Over the past month the Billings Chamber hosted a series of industry specific roundtables (restaurants, bars, retail, and general small business) where innovators such as yourself share what you have learned and what practices others can put into place. If you are interested in participating in future peer-to-peer roundtables, please email rene@billingschamber.com.  Special thanks to Visit Southeast Montana for sponsoring this important series!

Here are a few of the takeaways that participants found helpful:

Food To-Go:

How people eat out may never be the same due to innovations and widespread acceptance of take out, third-party delivery and curbside to go. Overall, take-out style will change business models, which has challenged those without a drive up option. There is less tipping when people get take-out or buy gift cards.


Even when local capacity was restricted to 75%, most restaurants were operating at 50% (current restriction) to allow for the necessary room for social distancing.


This is challenging because some are restaurants are at capacity and can’t handle more customers even though sales revenues are down. Focus has been on to-go orders via website, online ordering, and gift cards. There is some uncertainty on what to advertise. Who you are marketing to today is very different than before.


Many are reporting staffing numbers are down due to lack of catering opportunities or they are unable to fill vacancies. This is causing managers to be at max capacity and exhausted. In some cases part-time positions have evolved to fulltime employment to retain employees, which comes with the added cost of benefits. Quarantine is also causing workforce shortages and faster results for testing would be helpful. Some suggested that if you have multiple locations and need to convene managers from those locations you do so via Zoom rather than in person to avoid direct contact and potential spread that could severely disrupt operations if any would need to quarantine.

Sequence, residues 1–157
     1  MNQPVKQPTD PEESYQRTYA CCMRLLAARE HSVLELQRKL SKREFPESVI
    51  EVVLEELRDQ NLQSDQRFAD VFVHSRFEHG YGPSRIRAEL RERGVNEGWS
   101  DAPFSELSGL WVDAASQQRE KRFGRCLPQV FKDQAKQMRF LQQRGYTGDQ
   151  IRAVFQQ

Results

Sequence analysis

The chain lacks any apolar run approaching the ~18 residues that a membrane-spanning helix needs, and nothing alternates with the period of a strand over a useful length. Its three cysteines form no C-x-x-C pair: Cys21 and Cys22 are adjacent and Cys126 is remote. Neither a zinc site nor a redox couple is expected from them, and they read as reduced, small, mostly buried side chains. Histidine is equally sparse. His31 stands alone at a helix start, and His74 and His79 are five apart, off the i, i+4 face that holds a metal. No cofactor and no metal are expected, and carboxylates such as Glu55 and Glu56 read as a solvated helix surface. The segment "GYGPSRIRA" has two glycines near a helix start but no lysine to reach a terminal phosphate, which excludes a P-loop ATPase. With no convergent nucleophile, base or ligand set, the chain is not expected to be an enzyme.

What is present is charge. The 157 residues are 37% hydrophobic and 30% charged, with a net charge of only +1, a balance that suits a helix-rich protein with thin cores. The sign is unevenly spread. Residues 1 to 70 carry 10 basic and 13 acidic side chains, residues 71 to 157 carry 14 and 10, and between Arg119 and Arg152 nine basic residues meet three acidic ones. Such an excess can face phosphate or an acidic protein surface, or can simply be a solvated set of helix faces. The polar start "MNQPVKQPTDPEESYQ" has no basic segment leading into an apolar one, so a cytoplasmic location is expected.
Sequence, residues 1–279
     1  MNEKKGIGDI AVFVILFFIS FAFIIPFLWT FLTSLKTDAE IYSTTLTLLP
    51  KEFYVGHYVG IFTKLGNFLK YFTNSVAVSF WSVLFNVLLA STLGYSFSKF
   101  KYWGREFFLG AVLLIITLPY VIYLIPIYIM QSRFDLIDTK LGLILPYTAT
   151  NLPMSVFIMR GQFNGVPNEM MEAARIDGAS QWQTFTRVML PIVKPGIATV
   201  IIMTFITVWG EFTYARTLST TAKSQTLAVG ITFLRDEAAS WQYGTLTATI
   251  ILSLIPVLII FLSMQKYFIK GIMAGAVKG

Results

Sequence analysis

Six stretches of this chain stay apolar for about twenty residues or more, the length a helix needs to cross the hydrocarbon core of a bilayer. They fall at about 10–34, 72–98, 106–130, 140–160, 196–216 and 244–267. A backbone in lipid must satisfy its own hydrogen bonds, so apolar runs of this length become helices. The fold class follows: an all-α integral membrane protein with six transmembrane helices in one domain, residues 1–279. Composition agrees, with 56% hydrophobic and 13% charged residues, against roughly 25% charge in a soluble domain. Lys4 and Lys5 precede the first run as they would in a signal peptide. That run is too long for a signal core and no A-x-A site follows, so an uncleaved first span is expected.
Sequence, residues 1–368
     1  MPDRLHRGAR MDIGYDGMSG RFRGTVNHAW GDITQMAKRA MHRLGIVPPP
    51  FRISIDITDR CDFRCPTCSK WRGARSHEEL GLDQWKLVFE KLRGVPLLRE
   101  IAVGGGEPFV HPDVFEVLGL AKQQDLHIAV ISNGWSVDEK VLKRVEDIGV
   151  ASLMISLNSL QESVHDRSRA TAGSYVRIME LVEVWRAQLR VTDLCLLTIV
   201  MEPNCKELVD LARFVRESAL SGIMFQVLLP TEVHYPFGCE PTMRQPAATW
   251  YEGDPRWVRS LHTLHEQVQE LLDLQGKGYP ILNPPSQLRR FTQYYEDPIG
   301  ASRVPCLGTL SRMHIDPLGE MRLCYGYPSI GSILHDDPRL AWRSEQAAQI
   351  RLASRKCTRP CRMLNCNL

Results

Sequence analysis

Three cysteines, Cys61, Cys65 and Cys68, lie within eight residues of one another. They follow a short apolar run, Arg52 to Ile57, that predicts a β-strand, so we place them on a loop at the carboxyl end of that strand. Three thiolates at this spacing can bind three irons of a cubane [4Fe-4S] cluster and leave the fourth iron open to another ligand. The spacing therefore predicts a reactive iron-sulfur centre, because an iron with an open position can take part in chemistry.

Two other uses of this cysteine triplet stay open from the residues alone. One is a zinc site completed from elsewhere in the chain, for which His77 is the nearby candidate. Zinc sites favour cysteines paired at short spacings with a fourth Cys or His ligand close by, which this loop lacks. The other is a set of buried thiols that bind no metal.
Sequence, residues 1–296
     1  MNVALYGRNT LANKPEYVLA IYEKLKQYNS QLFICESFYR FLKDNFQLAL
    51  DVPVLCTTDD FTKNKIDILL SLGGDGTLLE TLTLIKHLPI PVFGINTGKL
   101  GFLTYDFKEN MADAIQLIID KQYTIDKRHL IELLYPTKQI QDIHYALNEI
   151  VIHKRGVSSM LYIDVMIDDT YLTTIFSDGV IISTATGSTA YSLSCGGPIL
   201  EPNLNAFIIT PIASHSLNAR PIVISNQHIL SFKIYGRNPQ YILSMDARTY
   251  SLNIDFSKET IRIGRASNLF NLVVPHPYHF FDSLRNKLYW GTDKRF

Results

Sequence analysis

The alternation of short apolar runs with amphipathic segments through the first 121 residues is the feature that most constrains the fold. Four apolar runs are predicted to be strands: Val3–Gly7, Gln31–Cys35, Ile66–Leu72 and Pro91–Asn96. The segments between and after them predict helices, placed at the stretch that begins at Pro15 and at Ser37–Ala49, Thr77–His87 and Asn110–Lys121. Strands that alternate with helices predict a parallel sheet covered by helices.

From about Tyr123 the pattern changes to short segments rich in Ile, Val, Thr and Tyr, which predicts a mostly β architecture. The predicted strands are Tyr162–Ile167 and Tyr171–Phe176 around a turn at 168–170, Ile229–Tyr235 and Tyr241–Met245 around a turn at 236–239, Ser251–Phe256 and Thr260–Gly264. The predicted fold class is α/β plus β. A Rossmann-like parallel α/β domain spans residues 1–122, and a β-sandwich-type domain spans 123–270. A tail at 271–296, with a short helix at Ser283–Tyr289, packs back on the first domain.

Supply Chain:

Availability of food products is better than it was a month ago but specialized packaging is causing disruptions. Costs are up. May need to go frozen not fresh in some cases. Gloves are very hard to find.


Corporate gifting (online orders) is going strong and has changed to include more individually wrapped items (snack and candy items specifically) to be safe. Private shopping and virtual online shopping has increased. Businesses have even partnered to provide more options for private shopping at multiple locations. Making the most of empty spaces helped give more distancing for customers and created reasons for shoppers to come back to the business.


With people entering locations with masks and hoodies, theft has increased and it is difficult to identify the perpetrator even when reviewing with security cameras. Be vigilant was the only advice. .

Regional Tourism:

Annually (previous to the pandemic) Yellowstone County sees approximate $500 million of new direct spending by visitors. Pent up demand will soon drive new visitors and money to small business once again. Regionally, RV sales have increased and it is helpful to have wide-open spaces and numerous campgrounds.  Some places in Southeastern Montana are enjoying small events that are able to meet local and state health guidelines (such as the recent Christmas Stroll in Miles City).  The Northern Cheyenne Reservation is closed due to high COVID-19 cases. Traffic on Highway 212 remains similar to last year but shop sales are not as high.

Recent ACTION taken by the Billings Chamber of Commerce to help:

  • Currently advocating for Federal relief for small business. Town Hall events will be developed in January to share information on any relief package congress approves.
  • Continued conversations with the health department and the other county departments and state agencies to advocate for business and to keep businesses informed of changes to regulations.
  • Shop local campaigned themed “Keep the Cheer Here” is active. Future shopping promotions will also remind people businesses are open, to buy gift cards, to order takeout and to tip for all of those services.
  • Additional Town Halls being scheduled include information the vaccine, when they will be available to the general public and what you—as an employer—need to know from an employment attorney.
  • Launched weekly COVID-19 Business Support news providing reliable, relevant and timely comminutions that the business community needs.
  • Items to review and possibly take action: a bill will possibly be introduced into the state legislature this year to continue sales for alcohol with takeout orders. Alcohol sales can increase the total ticket sale up to $10 dollars per order.